I have learned that labels don’t have to be obligated to replace damaged records received by their customers. A while back, I received a very stern email from a good friend who runs a solid label in which he “scolded” me on my bitching and moaning about holding another label responsible for a damaged record I received. And posted about it here on this very blog. I felt bad, I gotta admit for being so bitchy about it. But what drove me over the edge with the Chamberlain 2xLP is that all three jackets were damaged and one record was bent. Add to that the last few records I have received fucked up from other labels and a few trades done, it was the proverbial straw that broke the camel’s back.

But I will admit that I am happy to see that Topshelf Records care about their releases and the people who buy them. They care to the point that they want to make sure that the buyer is completely satisfied and happy with the records. And they have shown just that in their gesture and offer to fix the problem. And that is truly appreciated.

So I guess this post wasn’t all doom and gloom as I initially set it out to be.

“Improperly centering pictures since 1995”

Brutal Panda Records has stepped to the plate and is finally giving this criminally underrated album a long overdue vinyl release. Easily one of the best albums of the 2000’s (at least in my opinion) this is a release that has been a long time coming.

It’s a very limited release, only 300 total pressed. The first 100 on clear are already sold out, so, if you’re wanting to pick this up you better hurry. They pressed the remaining 200 on ‘Ocean Blue.’ So get moving and pick this monster up right now.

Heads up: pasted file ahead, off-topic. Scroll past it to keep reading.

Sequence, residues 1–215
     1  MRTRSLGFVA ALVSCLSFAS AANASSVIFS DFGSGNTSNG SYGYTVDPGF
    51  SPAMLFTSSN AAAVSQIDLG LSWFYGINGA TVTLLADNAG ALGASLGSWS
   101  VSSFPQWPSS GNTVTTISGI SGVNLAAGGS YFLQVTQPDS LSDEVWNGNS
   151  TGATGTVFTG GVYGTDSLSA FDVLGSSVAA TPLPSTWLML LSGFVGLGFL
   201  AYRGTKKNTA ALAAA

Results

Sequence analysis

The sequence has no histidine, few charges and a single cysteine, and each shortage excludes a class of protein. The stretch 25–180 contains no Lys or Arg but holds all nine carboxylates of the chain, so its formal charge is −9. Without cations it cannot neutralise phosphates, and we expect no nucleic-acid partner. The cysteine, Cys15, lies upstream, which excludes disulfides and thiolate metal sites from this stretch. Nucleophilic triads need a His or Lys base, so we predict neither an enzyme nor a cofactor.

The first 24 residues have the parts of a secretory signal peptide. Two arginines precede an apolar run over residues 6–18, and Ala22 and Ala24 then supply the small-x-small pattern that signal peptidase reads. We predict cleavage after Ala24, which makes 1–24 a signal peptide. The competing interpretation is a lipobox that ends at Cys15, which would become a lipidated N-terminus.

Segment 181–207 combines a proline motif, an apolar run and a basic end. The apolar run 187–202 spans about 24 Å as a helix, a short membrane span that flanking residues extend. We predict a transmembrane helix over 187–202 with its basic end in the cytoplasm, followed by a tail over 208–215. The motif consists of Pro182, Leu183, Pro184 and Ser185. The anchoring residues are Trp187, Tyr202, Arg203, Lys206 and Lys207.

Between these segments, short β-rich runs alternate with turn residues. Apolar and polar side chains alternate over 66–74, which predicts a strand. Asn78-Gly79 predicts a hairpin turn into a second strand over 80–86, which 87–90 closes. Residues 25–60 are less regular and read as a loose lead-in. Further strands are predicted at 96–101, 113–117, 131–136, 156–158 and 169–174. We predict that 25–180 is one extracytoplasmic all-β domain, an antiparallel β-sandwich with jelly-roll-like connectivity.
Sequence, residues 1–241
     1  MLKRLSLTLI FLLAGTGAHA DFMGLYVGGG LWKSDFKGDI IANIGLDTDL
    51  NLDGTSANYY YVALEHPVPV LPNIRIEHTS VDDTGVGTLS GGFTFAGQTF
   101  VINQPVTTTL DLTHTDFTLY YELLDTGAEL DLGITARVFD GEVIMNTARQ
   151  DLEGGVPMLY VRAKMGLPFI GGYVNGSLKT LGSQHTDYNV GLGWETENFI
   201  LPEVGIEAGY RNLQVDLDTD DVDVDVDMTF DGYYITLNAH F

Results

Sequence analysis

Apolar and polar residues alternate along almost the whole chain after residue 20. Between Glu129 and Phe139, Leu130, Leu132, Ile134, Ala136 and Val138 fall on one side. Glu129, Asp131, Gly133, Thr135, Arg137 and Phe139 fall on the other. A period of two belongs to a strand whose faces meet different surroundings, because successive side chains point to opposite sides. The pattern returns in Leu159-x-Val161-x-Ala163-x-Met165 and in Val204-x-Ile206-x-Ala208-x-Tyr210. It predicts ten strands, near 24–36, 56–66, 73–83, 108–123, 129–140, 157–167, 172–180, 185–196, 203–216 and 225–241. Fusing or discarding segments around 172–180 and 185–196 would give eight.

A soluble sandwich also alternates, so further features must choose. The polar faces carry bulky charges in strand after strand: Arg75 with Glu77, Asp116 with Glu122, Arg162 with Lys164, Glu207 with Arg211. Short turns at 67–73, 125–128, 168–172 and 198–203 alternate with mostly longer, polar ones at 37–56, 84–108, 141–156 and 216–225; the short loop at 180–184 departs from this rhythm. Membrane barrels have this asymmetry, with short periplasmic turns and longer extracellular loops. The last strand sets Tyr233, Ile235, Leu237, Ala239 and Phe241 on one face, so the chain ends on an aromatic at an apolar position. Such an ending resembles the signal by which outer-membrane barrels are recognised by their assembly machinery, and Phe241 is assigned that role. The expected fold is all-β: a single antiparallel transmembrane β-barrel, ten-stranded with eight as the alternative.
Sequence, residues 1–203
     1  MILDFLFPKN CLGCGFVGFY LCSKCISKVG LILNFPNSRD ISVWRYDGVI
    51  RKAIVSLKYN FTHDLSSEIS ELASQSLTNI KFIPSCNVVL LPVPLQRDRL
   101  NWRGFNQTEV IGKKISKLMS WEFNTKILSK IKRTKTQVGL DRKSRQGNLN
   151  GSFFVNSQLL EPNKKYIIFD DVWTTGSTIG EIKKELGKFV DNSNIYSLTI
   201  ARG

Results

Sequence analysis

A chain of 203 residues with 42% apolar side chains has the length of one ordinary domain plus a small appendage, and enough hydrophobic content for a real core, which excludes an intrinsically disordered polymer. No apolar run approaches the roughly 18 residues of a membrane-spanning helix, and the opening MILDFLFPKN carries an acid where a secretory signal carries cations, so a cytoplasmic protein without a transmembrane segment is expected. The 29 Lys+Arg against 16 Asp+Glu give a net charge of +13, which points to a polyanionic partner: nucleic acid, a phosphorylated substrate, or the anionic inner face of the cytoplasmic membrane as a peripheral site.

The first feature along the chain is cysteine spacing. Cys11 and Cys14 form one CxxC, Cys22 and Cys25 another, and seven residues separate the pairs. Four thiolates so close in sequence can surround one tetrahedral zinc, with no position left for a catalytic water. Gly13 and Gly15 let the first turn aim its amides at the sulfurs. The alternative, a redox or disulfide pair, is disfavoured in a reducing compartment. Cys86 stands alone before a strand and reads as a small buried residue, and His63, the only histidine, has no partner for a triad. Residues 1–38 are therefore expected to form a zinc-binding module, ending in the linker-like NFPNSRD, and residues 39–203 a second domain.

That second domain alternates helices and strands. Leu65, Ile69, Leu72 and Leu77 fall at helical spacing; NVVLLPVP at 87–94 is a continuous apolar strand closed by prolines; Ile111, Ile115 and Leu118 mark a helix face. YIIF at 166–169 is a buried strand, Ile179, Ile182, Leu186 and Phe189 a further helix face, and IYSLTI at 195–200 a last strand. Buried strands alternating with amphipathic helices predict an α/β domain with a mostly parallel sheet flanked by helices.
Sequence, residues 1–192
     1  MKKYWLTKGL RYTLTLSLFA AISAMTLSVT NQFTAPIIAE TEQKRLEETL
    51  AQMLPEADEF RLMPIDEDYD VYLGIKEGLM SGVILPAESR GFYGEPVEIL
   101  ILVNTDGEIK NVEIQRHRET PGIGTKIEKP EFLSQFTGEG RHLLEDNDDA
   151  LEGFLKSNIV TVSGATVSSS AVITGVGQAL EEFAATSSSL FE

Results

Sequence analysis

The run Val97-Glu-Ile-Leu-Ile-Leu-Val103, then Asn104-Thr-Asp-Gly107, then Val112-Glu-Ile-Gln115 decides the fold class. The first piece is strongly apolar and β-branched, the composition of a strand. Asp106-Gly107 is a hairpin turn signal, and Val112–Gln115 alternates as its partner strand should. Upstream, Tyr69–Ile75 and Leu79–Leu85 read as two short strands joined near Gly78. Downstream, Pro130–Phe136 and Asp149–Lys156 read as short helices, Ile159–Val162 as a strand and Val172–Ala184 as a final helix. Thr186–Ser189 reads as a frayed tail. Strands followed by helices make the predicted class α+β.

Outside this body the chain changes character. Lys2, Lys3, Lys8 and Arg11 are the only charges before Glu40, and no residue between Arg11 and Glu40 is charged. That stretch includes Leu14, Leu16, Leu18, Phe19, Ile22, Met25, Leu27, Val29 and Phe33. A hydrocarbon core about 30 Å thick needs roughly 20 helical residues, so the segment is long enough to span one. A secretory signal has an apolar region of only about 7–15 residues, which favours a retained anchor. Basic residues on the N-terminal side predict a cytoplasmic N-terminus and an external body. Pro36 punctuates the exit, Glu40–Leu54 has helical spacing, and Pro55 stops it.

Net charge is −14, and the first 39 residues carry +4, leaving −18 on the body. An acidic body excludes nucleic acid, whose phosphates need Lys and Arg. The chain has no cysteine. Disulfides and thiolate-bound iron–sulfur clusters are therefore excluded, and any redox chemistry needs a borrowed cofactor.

Posted: September 6, 2011 by Nick_J in Record Nerds
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Holy shit! So when Samiam is one of your all time favorite bands and after years of hiatus come back with a full length it’s time for full on emotional breakdown.

As I’ve mentioned on this blog in the past, Samiam were that punk band that transformed the direction of my listening habits. The lyrics and the style of that bands songs just transcended anything I was listening to at the time. Don’t get me wrong, I was almost immediately introduced to other bands in the same emotional realm but Samiam were the band that led me down that path. Soar was fucking earth shattering to me when I heard it and really changed my whole punk rock vocabulary. Growing up, I didn’t know a lot of people who listened to Samiam but the people I did know were usually pretty rad people.

The album is called Trips and I’ve only spun it a couple times but so far I love it. Early word is that most people are really digging it. It doesn’t suffer from the terrible production issues that crippled their last album. The production is tight and clean just like you would expect from any classic Samiam record. I haven’t worked through all the lyrics but these guys usually have at least one song per album that tears me up inside.

I really like the jacket and art on this record. Great layout and color scheme. I got a White (which has some black swirling) vinyl  limited to 300 and still available HERE. There is also a full stream of this album on Samiam‘s website HERE.

I plan on burning this thing up in the near future.

It all started with the bass player’s brother.